So what that means is that the cause celebre, this blight of all blights, constituting--apparently--the sellout of truth, justice and (God help us...) the American way, is focusing on a method that is perfectly reliable upwards of 95% of the time.

Reassigning 59 wins from relievers who've found this annoying little loophole seems a lot more reasonable than developing overwrought automated systems that reassign up to ten times as many wins in any given season.

Perhaps we need more history and more context? Would it be valuable to know if the percentage of "uggly relief wins" has changed over time? And maybe useful to have a sense of how the changes in the usage of the bullpen may (or may not) be affecting blown saves/blown save wins and this purported "conceptual crisis of the win"?

Well, of course we do. And Forman et fils is the place to acquire it. We spent some time (when we had it--as you may have noticed, we're not here a lot at this time because we have many, many other things on our plate...) looking at the data. And we've compiled a summary chart that gets us to the root of the matter.

The chart (above) starts with the actual number of blown saves in a season. We've condensed the data to reflect how the essential pattern has evolved. Accelerated bullpen use took hold in the mid-to-late 80s and was exacerbated by the offensive explosion in the 90s: we reach a peak at the very end of that decade. Things have declined a bit since, but seem to have plateaued.

Blown Save Wins (BlSvW) have also descended since the late 90s, and the percentage of "uggly relief wins" (UGG%) has declined back to pre-offensive explosion levels.

One of the other things that we thought might be significant here was to see if the ever-increasing use of relievers was having an effect on "uggly relief wins," particularly in terms of how long a reliever pitches in these. What's striking here is that from 1949 to the present, the vast majority of "uggly relief wins" come from pitchers who pitch at least one full inning (89% of them, in fact) while the percentage of blown saves that are an inning or more in duration is consistently between 50% and 60%.

That means that there's something structural about how "uggly relief wins" manifest themselves that resists any perturbing effect by the increasing number of relief appearances being made.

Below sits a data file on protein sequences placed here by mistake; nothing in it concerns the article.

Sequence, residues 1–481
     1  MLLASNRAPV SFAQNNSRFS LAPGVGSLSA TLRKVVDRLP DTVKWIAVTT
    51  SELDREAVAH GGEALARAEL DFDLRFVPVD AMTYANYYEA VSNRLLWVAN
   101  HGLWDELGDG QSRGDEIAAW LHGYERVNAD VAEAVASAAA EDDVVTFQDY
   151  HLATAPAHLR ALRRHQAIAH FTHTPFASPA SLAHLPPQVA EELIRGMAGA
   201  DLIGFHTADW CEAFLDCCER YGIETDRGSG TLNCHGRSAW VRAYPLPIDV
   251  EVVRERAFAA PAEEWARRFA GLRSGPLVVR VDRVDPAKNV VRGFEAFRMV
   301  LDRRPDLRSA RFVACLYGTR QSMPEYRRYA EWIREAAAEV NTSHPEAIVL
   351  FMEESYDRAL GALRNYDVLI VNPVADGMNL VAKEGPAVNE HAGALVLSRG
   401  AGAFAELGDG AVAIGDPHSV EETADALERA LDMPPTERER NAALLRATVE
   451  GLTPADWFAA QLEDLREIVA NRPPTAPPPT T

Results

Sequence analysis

And interestingly, the percentage of blown save wins (same thing as "uggly relief wins," just in case that wasn't clear) in appearances equal or greater to a full IP is dropping. (That can be seen in the far right column, the one marked B!Sv1+% (yes, that "!" was supposed to be an "l"...fat fingers uber alles!) One wonders that if offense continues to decline, whether "uggly relief wins" will continue to drift downward.

So should we worry about the "uggly relief win" and how it has ruined the use of pitcher wins? No, of course not. But we don't expect this finding to gain much traction with the ideologues, who would like to take away texture and shape and all of the "imprecision" in value assessment that they imply, and try to do so with the zeal of a score of possessed mothers compelled to throw out bathwater and baby. (Give us spots on our apples, and leave us the birds and bees, already...)

Finally,  here's an astonishing fact related to blown saves in general that just dropped out of the data collection effort. It turns out that, over the last twenty years at least, the blown save--this is in general, now, for all outings identified this way, not just those that become "uggly relief wins"--is accompanied by an exceptionally high stolen base rate. It's not uncommon for the success rate in steals during blown saves to be upwards of 85% (in 2013, there were 91 SB, 14 CS in blown saves, or 86% to the good).

What does that mean?? Hard to say. But it's strange, and interesting, and more worthy of some fuss and fol de rol than the so-called "crack in the earth" purportedly produced by the fact that pitcher wins are not a perfect laboratory product.